• \$\begingroup\$ @John The thing with resistance wire is that its resistance changes dramatically as it heats up. That said, regulating the voltage will give good enough results most likely. \$\endgroup\$ – Hearth Feb 1 '19 at 19:26
  • \$\begingroup\$ @jonk yes mains fluctuation is a problem in the whole area. Wiring in my building is quite good as far as I know \$\endgroup\$ – John Feb 1 '19 at 19:28
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Using this calculator, I found that I needed 5.2 V at 1.6 A (8.4 W) ...

A 5 V, 2 A USB charger is very close to what you require and definitely worth a try. These are generally switched mode type with universal input voltage (100 to 240 V) so that would solve your varying voltage problem too.

I did some experiments cutting foam on a CNC machine I built several years ago. I hadn't got any nichrome wire so I used a 1st (E) guitar string. By experiment I found that 12 V was about right for the length of wire I was using. (About 300 mm, I think.) Since my PSU wasn't adjustable I made a crocodile clip connection to the wire to allow me to adjust connection point and, hence, the resistance and hence the current.

The coefficient of expansion of the guitar string was rather high so I had to add a tension spring to keep it taut.

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  • \$\begingroup\$ I have a few usb chargers that I could try with. Will try it first thing on monday and will let you know. \$\endgroup\$ – John Feb 2 '19 at 7:36
  • \$\begingroup\$ What is the guitar string, accoustic (flamenco) or electric guitar? I thought they were all some sort of carbon steel. \$\endgroup\$ – Indraneel Feb 2 '19 at 14:05
  • \$\begingroup\$ Flemenco would be nylon or cat-gut in the old days. Not much good for cutting foam. Mine was a nickle-plated steel. \$\endgroup\$ – Transistor Feb 2 '19 at 14:14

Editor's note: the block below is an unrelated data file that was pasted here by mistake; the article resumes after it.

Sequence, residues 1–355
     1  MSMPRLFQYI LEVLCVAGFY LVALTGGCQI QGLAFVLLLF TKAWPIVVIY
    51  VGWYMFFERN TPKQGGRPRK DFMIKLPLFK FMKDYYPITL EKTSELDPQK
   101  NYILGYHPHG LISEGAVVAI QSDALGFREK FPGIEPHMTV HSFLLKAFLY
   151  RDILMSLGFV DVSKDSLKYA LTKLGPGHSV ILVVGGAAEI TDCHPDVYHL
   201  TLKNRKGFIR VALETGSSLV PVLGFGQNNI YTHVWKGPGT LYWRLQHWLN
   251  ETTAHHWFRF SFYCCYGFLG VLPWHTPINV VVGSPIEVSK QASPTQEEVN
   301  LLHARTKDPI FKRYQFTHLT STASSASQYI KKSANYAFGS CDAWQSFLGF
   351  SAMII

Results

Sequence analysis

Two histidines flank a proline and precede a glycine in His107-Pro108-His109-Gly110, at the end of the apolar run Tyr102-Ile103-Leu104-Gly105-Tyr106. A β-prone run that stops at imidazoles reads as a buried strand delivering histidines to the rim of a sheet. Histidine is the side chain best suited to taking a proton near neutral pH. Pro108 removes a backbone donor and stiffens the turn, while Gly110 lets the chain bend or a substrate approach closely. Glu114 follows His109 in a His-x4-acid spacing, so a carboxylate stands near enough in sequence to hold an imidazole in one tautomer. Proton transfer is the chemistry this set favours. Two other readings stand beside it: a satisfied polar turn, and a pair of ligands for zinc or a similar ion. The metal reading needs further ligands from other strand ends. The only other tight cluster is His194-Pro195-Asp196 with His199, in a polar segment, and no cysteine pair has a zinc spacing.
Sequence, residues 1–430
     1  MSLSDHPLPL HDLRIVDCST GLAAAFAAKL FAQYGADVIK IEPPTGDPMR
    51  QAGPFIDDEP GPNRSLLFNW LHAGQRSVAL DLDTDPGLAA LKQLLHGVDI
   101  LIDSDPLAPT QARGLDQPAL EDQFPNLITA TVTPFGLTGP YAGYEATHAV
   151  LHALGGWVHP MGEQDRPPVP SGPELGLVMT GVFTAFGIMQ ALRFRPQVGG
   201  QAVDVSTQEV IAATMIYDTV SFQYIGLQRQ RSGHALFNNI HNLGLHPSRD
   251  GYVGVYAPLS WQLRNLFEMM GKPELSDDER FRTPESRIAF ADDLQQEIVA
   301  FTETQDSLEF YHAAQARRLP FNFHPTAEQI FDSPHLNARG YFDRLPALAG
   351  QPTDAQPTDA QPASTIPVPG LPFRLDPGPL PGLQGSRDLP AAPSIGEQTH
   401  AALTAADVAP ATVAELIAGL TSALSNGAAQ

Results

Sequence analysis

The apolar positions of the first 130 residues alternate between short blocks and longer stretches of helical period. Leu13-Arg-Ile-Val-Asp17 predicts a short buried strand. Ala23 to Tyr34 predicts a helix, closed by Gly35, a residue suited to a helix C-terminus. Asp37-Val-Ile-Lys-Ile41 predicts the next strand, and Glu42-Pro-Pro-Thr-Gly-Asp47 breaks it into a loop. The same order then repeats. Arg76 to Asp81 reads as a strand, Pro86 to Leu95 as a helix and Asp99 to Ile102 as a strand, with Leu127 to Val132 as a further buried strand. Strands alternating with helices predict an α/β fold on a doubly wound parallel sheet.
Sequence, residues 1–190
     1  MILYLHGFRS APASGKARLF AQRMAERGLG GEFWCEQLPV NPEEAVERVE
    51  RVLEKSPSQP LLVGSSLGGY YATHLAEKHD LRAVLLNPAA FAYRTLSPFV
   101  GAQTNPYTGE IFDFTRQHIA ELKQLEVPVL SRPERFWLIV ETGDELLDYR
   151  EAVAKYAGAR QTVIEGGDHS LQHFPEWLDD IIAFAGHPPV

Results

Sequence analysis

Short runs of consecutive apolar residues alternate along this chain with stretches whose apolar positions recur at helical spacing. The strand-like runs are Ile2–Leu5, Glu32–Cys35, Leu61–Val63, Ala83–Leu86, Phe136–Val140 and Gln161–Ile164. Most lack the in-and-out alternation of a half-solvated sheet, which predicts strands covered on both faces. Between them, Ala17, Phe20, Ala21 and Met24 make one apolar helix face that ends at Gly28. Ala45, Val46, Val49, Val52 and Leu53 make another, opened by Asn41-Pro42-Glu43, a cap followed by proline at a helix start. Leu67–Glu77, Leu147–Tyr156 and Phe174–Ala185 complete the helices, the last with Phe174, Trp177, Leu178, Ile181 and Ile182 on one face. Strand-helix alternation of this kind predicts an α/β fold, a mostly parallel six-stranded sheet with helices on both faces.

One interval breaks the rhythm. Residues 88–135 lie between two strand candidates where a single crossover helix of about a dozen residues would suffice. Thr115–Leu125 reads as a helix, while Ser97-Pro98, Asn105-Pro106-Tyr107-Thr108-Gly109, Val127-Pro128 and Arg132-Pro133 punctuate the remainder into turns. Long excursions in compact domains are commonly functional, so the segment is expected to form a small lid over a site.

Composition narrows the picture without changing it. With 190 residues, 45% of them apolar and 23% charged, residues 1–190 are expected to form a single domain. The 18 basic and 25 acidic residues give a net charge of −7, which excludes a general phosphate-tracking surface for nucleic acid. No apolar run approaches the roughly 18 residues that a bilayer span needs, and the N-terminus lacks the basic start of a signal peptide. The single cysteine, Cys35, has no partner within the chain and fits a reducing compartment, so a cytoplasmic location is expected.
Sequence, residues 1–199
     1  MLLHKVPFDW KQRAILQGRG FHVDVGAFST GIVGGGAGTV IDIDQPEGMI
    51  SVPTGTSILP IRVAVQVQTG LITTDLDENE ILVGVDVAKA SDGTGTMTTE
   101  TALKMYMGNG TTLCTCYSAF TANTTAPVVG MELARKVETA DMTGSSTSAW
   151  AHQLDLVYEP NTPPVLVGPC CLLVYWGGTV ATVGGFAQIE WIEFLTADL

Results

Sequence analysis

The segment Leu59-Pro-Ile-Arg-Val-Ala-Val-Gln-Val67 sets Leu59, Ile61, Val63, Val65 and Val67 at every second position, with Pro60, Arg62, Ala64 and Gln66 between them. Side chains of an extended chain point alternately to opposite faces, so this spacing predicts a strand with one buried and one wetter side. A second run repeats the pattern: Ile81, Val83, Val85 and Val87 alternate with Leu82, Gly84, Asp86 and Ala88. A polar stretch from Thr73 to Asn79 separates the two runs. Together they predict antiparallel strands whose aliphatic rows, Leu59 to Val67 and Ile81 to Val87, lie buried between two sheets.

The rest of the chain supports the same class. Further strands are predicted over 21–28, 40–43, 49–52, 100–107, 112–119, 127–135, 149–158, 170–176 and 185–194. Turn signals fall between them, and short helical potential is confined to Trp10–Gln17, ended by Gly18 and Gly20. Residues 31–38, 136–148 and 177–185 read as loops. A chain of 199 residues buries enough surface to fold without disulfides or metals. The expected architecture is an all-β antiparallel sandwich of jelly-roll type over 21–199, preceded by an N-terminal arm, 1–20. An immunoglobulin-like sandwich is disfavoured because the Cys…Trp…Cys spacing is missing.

• \$\begingroup\$ I tried it and able to get it to work with a 5v 3a power supply module i get from an old DVD player. But at 5v, the wire heats up enough only for about a 600 mm/s cut. I will mark this as the answer, but will try PWM with my 12v supply later, maybe with an arduino. \$\endgroup\$ – John Feb 4 '19 at 9:25
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The simplest approach, given your setup, might be to substitute the dimmer with a relatively small (your primary current is <1A) opto-triac or zero-crossing optoisolator, and regulate it via some form of rough PWM or analog control.

You can go all the way with a microcontroller/Arduino that measures the temperature of the wire (either by contact or with an IR sensor) and uses a PID controller to drive the Triac with a slow PWM waveform.

Or you can keep it simple and measure the current through the wire with a series resistor and capacitor that drives a simple transistor current-measuring circuit to turn-off the Triac photodiode. Something like this:

schematic

simulate this circuit – Schematic created using CircuitLab

You can also substitute D2 for an SCR and avoid dealing with the mains side completely. In that case the gate of the SCR can be directly driven like D1.

The only issue you have to be careful of, is that any regulation circuitry will be acting on average values of a non-sinusoidal waveform, so power calculations can introduce problematic non-linearities.

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  • \$\begingroup\$ Thank you. But for now, I will try the other answer first as I don't have any opto-triac at hand. Will look into this again if that fails. \$\endgroup\$ – John Feb 2 '19 at 7:32